U.S. Pat. No. 6,840,902 to Sano et al. discloses an endoscope that has a tank for storing liquid and a pump for pumping liquid to the distal end of the endoscope. The tank and pump mount directly on the operational portion (the handle) of the endoscope. A battery is provided for powering the pump. Sano et al. also discloses that the absorption of fluids may be accomplished via a separate absorption system.

While the pump system described by Sano et al. may be small and unobtrusive, it also suffers from obvious drawbacks. For example, the separate nature of the systems for fluid supply and fluid absorption increase the complexity of use and maintenance of the system. Second, the reusable nature of the fluid supply system means that sterilization costs are a factor. This is exacerbated by the small size of the fluid tank, since it is likely that multiple units would be necessary for complicated surgeries and every fluid tank would need to be sterilized after use. Therefore, the costs of using this system would be high.

U.S. Pat. No. 5,395,312 to Desai discloses a handheld surgical instrument with a front end to which a surgical tool is mounted. The instrument includes a removable and disposable valve cartridge that has an irrigation tube and an evacuation tube. Desai also discloses the use of flexible chambers that are manipulated in order to pump fluid from a fluid supply source to the surgical site in a patient. Drive means act on the chambers to move the fluid from the chamber along a conduit to the patient's body. The fluids are supplied by a separate source via an inlet port. Evacuation of fluids from the patient is accomplished by a separate source of suction.

The system disclosed in Desai also suffers from significant drawbacks similar to those described above. The irrigation system and the suction system are separate, which adds to the complexity of operation and maintenance of the system. The flexible chambers used to pump the fluid are also separate from the other components of the system and must be removed from the instrument for sterilization. Overall, the system described by Desai is complicated and expensive to maintain and operate.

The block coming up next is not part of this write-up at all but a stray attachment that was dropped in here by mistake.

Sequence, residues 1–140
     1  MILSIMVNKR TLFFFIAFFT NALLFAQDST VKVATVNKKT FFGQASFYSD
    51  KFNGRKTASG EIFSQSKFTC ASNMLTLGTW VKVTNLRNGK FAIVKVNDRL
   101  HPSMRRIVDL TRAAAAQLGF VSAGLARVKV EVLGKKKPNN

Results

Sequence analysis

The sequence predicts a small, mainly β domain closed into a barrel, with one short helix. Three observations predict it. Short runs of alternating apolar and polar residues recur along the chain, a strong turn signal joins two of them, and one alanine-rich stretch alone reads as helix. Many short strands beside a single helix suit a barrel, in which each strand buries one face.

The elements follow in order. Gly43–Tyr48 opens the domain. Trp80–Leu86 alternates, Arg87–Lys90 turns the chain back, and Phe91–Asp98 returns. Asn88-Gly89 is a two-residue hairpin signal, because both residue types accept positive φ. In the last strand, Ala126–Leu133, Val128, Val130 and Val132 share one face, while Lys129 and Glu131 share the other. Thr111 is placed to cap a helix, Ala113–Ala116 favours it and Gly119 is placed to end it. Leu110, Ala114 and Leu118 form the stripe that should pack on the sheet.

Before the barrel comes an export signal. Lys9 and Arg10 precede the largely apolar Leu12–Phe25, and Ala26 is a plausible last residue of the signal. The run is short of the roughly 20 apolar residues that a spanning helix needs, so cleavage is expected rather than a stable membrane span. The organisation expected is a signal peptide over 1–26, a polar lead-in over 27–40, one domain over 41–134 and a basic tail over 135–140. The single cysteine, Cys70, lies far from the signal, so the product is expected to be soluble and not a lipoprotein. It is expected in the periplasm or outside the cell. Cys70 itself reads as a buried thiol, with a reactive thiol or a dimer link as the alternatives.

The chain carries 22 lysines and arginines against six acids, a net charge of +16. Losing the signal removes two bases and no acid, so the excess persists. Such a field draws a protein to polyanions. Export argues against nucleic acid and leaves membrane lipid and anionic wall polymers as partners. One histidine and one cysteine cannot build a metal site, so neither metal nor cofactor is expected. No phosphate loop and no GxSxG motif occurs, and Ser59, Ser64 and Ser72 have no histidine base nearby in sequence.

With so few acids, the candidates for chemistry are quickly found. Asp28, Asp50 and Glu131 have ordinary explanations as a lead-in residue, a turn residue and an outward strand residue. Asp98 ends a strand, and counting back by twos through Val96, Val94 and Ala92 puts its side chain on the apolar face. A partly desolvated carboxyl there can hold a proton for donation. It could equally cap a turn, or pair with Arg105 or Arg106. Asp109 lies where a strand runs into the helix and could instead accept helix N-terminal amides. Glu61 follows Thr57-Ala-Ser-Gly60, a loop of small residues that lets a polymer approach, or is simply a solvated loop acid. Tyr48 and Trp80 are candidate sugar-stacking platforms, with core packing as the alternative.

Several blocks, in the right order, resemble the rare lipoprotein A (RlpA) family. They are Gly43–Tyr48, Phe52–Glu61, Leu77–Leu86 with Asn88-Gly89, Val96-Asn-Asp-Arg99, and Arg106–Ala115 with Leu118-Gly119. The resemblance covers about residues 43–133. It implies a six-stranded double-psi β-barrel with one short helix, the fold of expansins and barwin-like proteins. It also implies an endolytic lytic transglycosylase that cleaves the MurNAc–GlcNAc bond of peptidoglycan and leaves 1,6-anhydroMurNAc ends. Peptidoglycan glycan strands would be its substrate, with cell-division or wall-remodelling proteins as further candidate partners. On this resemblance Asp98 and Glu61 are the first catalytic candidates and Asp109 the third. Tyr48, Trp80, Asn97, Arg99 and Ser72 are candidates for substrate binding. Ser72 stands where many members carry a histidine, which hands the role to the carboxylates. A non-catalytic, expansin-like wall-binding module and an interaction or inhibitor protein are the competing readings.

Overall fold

What is desired, therefore, is a fluid pump system for delivering and/or evacuating fluids or other matter to or from a surgical site that is simple and inexpensive to use and maintain, that minimizes the costs of maintaining sterility, that does not impede a surgeon by its size or weight during a surgical procedure, and that is simple and inexpensive to manufacture.

SUMMARY OF THE INVENTION

It is an object of the present invention to provide a fluid pump system that is simple and inexpensive to use and maintain.

It is a further object of the present invention to provide a fluid pump system that minimizes the costs of maintaining sterility.

It is yet another object of the present invention to provide a fluid pump system that does not impede a surgeon by its size or weight during a surgical procedure.

It is still another object of the present invention to provide a fluid pump system that is simple and inexpensive to manufacture.

These and other objects are achieved, in accordance with one embodiment of the present invention, by provision of a fluid pump system for an endoscopic surgical instrument, where the system comprises a housing, a disposable inflow cartridge, a disposable outflow cartridge, and at least one fluid pump connected to the housing. The disposable inflow cartridge and the disposable outflow cartridge are detachably connected to the housing. The at least one fluid pump is in communication with at least one of the disposable inflow cartridge and the disposable outflow cartridge.